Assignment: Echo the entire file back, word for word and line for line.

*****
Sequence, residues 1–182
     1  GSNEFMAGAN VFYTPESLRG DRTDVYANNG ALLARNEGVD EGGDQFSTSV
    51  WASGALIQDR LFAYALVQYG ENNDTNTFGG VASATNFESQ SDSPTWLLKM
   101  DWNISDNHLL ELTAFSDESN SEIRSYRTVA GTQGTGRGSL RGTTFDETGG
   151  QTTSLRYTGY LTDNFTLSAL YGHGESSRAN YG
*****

Sequence, residues 1–182
     1  GSNEFMAGAN VFYTPESLRG DRTDVYANNG ALLARNEGVD EGGDQFSTSV
    51  WASGALIQDR LFAYALVQYG ENNDTNTFGG VASATNFESQ SDSPTWLLKM
   101  DWNISDNHLL ELTAFSDESN SEIRSYRTVA GTQGTGRGSL RGTTFDETGG
   151  QTTSLRYTGY LTDNFTLSAL YGHGESSRAN YG